In the shadow of Sphinx

Julian Siggers, director of University of Pennsylvania’s Museum of Archaeology and Anthropology, stands in the back row (from left) with Penn President Amy Gutmann and School Superintendent William Hite Jr. at Tuesday’s announcement of new school partnership.

University of Pennsylvania President Amy Gutmann has unveiled a new school partnership that allows all Philadelphia middle school students to explore world history and culture, using ancient artifacts as study tools.

She announced the partnership between the School District of Philadelphia, the Knowledge Is Power Program, Penn Alexander School and Mastery Charter Schools this week at Penn’s Museum of Archaeology and Anthropology. A 15-ton Sphinx, the largest outside the Middle East region, served as a backdrop.

School Superintendent William Hite Jr. welcomed the support of officials involved in planning the program funded by a $1 million grant underwritten by the Annenberg Foundation. The benefactors are well known on campus with academic buildings bearing the Annenberg family name.

Hite said the program will engage students and help make learning relevant. And above all, the school chief said the program, “Unpacking the Past,” includes free year-long membership for students, school staff, and their families.

“Children will sometimes recall facts and sometimes not,” Hite said at a kickoff event. “But they will always recall experiences.”

He said it would be a shame if local students who live in the city never set foot inside any of its museums.

“This experience allows our children to really engage with what they’re learning in the classroom,” Hite said.

In all, more than $2 million is being invested into the program with a GRoW Annenberg grant underwritten by the Annenberg Foundation and the support of matching funds from PECO and others.

The program will help students develop analytical skills that can be applied in many other subjects, officials said.

It also takes on added significance in the wake of cuts in education funding that have resulted in elimination or reductions in arts and cultural programs in many of Philadelphia’s public schools.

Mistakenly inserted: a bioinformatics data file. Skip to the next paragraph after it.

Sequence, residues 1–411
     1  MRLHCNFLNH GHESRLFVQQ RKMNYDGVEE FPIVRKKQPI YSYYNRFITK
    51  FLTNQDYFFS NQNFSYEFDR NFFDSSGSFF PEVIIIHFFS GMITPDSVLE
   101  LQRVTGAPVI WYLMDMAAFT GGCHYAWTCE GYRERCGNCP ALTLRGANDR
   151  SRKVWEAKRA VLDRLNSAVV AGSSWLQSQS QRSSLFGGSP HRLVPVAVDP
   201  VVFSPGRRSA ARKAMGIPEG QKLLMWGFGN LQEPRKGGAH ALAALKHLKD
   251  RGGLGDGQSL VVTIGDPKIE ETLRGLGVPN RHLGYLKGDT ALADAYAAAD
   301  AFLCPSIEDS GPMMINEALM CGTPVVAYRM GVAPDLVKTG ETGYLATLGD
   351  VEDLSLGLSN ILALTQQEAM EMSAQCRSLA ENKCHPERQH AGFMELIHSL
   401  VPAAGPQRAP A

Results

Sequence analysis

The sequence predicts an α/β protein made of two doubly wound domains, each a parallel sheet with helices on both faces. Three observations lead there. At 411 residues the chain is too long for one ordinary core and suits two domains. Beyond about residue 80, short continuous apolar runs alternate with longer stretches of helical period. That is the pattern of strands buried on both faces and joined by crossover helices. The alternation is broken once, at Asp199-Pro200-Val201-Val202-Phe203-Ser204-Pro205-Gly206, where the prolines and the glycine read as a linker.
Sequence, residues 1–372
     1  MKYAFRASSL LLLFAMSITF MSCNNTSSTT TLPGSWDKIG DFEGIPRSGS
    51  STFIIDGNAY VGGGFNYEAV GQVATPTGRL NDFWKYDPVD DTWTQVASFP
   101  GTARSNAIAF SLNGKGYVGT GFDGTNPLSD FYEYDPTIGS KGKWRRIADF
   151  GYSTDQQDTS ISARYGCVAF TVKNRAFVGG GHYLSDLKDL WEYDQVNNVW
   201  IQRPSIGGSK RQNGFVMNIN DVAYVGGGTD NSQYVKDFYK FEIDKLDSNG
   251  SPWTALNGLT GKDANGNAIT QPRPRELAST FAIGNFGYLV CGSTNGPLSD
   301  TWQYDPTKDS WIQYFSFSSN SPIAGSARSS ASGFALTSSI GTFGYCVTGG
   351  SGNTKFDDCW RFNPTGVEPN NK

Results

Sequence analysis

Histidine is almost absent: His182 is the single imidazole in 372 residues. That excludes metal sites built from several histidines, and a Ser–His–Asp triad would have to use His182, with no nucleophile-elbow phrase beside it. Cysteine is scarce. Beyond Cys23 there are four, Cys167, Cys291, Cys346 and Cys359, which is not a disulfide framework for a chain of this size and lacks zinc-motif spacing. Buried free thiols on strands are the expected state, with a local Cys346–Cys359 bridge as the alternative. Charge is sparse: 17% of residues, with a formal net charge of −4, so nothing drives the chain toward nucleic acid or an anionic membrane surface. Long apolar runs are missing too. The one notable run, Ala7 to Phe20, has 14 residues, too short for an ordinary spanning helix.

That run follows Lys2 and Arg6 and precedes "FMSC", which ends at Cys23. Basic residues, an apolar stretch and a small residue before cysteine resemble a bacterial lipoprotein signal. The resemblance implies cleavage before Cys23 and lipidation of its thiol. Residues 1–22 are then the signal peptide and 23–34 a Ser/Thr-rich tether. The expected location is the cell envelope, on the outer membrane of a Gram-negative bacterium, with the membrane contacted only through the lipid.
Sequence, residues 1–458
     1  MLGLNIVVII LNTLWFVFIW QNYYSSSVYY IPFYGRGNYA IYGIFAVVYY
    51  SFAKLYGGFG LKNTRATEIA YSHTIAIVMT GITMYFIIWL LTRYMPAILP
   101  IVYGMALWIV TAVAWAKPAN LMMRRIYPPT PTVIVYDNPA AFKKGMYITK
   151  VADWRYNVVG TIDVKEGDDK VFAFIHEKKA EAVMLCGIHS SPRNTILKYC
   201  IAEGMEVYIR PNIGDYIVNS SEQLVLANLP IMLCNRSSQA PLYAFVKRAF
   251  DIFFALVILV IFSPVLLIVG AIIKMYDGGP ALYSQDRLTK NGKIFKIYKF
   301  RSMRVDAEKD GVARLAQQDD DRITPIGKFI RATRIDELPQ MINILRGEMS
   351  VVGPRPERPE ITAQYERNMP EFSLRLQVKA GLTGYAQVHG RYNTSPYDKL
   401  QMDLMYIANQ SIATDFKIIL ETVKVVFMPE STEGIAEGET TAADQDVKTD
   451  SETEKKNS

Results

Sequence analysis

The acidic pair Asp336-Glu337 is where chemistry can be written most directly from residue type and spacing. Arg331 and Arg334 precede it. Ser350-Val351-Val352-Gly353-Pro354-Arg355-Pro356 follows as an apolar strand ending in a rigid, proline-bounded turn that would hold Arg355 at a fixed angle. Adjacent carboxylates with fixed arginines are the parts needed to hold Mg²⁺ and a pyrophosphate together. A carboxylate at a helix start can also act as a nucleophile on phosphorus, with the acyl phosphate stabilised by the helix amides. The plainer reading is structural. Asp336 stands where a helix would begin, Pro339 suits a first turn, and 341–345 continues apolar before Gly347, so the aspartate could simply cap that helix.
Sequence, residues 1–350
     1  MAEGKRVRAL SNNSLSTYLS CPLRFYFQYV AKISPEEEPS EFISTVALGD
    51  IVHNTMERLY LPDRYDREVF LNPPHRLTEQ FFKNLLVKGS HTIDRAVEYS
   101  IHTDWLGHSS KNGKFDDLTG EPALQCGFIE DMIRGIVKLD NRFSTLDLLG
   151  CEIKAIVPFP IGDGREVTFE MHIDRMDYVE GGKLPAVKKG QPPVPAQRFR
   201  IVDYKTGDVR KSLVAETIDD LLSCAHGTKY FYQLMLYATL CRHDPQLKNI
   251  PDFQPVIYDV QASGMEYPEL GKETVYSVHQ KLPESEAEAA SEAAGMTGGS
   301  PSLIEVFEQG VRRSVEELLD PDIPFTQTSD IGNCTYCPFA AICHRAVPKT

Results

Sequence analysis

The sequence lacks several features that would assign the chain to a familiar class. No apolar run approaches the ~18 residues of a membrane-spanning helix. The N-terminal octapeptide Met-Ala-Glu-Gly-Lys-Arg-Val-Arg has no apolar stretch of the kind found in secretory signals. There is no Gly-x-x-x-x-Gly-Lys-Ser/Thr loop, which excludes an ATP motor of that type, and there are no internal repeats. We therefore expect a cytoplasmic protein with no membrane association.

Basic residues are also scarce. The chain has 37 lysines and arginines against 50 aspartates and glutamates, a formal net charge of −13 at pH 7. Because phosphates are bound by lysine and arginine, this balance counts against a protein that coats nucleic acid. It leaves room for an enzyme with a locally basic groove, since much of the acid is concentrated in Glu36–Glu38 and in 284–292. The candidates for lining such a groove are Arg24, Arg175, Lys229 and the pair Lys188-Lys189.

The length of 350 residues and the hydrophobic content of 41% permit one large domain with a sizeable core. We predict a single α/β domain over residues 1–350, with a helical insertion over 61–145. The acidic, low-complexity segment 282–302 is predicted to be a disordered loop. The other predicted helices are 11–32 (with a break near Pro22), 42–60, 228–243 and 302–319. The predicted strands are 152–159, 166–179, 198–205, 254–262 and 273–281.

The interactive program, open to all seventh-graders in Philadelphia public schools, is linked to the common core curriculum standards in core subjects such as language arts, math and science. It also arranges professional development for teachers, field trips, student projects and school visits.

Julian Siggers, director of the museum, said the museum is a valuable community resource that could “make a real difference in education experience of Philadelphia school students in the seventh grade.”

Gutmann said the new program would advance her priority of increasing public access to university resources.

“That is what a great museum is all about. That is what the ‘Unpack the Past’ is all about,” Gutmann said.

Philadelphia City Councilwoman Jannie Blackwell, co-chair of the Committee on Education, said, “This museum is a wonderful gift. You can’t learn it all in a lifetime.”

But she said a program that allows local children to explore local museums “will help youngsters be more motivated to find out more about the world and find about more about themselves.” It also emphasizes the value of work, study and coming to understand the significance of history.

Megan Becker, a museum educator, spoke to more than three dozen students about the mummification process, using a Halloween pumpkin as a metaphor for a decomposing body.

She explained the importance of mummifying the dead by asking pupils to think about how a decaying pumpkin might look, feel and smell.

“That’s what happens to a human if we don’t preserve the body,” Becker said.

Emily Hirshorn, who manages education programs for GRoW Annenberg, told students at the outset they would be certified mummy-makers on completing the program.

“You can mummify your teacher,” she joked and then nodded toward their teacher, Benjamin Hover.

The pumpkin metaphor segued into a discussion about ancient Egyptian belief about life after death. A large screen projection made mention of the “Egyptian Book of the Dead” and defined Egypt’s boundaries on the northern coast of Africa when it was a world power.

Contact staff writer Wilford Shamlin III at (215) 893-5742 or

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